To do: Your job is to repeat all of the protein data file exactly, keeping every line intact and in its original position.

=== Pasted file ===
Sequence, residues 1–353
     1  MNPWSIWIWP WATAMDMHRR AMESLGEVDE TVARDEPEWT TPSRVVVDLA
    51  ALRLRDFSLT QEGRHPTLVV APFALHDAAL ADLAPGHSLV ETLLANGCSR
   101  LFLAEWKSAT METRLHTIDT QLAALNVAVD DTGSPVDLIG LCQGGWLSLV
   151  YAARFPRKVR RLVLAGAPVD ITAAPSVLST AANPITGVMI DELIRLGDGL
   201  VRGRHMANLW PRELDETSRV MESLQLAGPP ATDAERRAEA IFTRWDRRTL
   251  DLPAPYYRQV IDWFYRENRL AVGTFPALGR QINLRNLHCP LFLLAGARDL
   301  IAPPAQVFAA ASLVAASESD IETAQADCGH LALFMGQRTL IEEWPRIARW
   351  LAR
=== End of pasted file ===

Sequence, residues 1–353
     1  MNPWSIWIWP WATAMDMHRR AMESLGEVDE TVARDEPEWT TPSRVVVDLA
    51  ALRLRDFSLT QEGRHPTLVV APFALHDAAL ADLAPGHSLV ETLLANGCSR
   101  LFLAEWKSAT METRLHTIDT QLAALNVAVD DTGSPVDLIG LCQGGWLSLV
   151  YAARFPRKVR RLVLAGAPVD ITAAPSVLST AANPITGVMI DELIRLGDGL
   201  VRGRHMANLW PRELDETSRV MESLQLAGPP ATDAERRAEA IFTRWDRRTL
   251  DLPAPYYRQV IDWFYRENRL AVGTFPALGR QINLRNLHCP LFLLAGARDL
   301  IAPPAQVFAA ASLVAASESD IETAQADCGH LALFMGQRTL IEEWPRIARW
   351  LAR